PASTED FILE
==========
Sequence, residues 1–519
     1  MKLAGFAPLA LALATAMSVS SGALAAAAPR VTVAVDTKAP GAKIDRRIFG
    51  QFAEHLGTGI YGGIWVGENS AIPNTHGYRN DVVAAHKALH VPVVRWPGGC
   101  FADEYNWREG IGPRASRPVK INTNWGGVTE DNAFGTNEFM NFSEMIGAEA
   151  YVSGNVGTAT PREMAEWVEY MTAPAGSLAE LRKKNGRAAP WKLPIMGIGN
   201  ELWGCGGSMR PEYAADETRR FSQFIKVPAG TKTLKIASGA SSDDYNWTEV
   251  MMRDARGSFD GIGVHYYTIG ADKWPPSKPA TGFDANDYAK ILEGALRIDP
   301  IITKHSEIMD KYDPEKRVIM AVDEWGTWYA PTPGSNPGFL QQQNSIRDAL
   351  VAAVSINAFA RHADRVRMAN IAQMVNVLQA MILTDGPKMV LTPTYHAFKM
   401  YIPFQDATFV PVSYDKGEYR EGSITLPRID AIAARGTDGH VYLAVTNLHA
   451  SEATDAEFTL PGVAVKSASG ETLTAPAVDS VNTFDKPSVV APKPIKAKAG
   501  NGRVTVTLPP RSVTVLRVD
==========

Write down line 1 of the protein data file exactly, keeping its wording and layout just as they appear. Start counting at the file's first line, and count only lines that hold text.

Sequence, residues 1–519